Variety’s David S. Cohen returns from CES with a warning that studios need to invest in research and development:

Exhibitors, and by extension the entire movie biz, have seen TV as their nemesis since the smallscreen ripped away a huge chunk of the moviegoing audience 60 years ago. Today that threat is more dire than ever, and business-as-usual from the majors and their parent companies isn’t going to cut it this time.

Cohen points to upcoming 4K TV screens — which trump the resolution of many movie projectors — as an example of how studios are risking the theatrical experience.

Many years ago, the studios spent liberally on tech R&D; Fox spent a more than a million to try to get stereoscopic movies off the ground in Hollywood’s early decades, without success (which may be why the studio didn’t embrace 3D in the 1950s). In recent decades, aside from Sony, which was a technology company before it bought a studio, the Hollywood majors have seemed mostly content to let other companies take the lead in improving the movie experience. That worked well enough when the technology leaders (Kodak, Technicolor, Deluxe, Panavision, Christie and Barco) were basically in the movie business and movies had the advantage of a better capture and delivery medium — film.

But here’s the thing: while many movie studios are part of giant corporations, movie studios themselves aren’t manufacturers. They never made things the way Kodak and Panavision do.

Nor are movie studios in the exhibition industry, like IMAX or AMC. In fact, they’re legally barred from owning movie theater chains.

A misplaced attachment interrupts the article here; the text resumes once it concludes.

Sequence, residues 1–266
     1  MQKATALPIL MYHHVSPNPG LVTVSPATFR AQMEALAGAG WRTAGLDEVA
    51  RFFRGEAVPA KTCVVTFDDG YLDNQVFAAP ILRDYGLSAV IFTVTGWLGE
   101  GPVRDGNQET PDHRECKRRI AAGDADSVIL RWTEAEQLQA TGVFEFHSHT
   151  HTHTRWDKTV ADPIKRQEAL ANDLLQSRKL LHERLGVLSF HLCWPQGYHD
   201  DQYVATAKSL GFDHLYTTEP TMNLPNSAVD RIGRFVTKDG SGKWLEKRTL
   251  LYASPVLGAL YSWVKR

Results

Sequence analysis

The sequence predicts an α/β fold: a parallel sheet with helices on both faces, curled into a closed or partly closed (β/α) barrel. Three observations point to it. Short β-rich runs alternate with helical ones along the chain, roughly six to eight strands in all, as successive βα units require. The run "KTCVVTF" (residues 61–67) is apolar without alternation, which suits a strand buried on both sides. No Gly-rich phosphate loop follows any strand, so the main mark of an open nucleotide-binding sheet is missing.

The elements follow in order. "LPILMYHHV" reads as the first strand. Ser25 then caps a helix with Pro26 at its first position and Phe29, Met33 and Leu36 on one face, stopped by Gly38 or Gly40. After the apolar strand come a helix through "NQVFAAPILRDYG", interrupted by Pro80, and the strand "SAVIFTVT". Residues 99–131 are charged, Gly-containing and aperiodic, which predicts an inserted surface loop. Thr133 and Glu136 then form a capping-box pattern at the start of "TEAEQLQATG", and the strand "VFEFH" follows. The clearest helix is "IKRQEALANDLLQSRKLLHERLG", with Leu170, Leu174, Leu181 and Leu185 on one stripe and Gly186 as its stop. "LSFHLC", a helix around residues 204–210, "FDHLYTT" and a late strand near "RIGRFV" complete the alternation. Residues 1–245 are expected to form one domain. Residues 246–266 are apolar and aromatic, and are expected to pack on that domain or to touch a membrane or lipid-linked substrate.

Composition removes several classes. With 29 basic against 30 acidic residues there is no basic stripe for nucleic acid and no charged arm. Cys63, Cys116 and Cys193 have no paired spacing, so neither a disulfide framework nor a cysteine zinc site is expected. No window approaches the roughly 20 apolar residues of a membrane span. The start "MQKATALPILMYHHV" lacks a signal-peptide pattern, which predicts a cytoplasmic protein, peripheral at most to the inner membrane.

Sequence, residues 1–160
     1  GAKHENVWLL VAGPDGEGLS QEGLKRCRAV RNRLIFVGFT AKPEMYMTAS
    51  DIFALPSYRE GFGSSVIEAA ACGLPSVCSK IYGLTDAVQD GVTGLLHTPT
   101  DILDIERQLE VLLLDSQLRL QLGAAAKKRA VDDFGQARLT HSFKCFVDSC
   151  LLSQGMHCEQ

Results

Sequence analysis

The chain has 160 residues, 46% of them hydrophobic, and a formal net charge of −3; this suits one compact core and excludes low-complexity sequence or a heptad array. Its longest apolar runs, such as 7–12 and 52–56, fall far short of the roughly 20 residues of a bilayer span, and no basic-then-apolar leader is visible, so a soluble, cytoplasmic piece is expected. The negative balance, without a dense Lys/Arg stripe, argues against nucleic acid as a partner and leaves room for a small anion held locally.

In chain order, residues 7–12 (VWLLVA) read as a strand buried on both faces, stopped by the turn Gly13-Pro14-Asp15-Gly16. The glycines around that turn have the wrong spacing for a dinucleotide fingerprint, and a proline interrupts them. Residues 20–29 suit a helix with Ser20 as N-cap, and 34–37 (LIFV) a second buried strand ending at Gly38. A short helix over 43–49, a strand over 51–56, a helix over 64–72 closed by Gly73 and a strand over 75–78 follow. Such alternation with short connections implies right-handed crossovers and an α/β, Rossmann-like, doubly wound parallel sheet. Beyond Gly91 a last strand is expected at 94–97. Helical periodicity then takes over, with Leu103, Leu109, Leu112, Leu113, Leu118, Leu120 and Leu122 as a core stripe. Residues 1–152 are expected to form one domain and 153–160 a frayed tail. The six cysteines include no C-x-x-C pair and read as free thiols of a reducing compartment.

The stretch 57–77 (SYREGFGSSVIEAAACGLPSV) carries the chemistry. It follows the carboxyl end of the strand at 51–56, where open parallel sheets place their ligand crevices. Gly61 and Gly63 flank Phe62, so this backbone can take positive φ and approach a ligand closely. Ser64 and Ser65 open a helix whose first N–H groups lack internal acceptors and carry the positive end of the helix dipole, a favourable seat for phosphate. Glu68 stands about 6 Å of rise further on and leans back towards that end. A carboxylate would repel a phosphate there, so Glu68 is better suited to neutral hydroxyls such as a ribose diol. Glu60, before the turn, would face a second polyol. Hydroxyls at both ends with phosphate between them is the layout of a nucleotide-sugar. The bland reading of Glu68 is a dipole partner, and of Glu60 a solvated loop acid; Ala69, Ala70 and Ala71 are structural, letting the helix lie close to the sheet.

Movie studios make movies. Movies are intellectual property.

Cohen ultimately acknowledges this:

The majors invest lots of money on R&D these days, but it’s mostly on developing intellectual property: script development.

They spend their R&D money on the thing they actually make. That’s pretty reasonable, really.

Studios love to make money from distributing movies theatrically. They also love to make money from home video — including on those fancy new TVs Cohen saw at CES.

When Cohen argues that the majors “need to invest in improvements to the movie platform, and soon,” it’s not at all clear what he wants. IMAX at every theater? Studios don’t own theaters. They can release more movies in IMAX, but by my tally, they’re already pushing it for every movie that makes sense.

Is there room for innovation theatrically? Sure. Love it or hate it, 48fps is a change, as was the resurgence of 3D. As with IMAX, the most the studios can be expected to do is produce and release movies in a new format and hope that moviegoers will embrace it.

Behind the scenes, the switch to digital delivery instead of film prints saved studios a lot of money. That’s not sexy, but research is often about spending money to save money.

Companies spend R&D money in the hope that the investment pays off down the road, and for studios, that mostly means paying screenwriters. I happen to think this is an awesome business plan.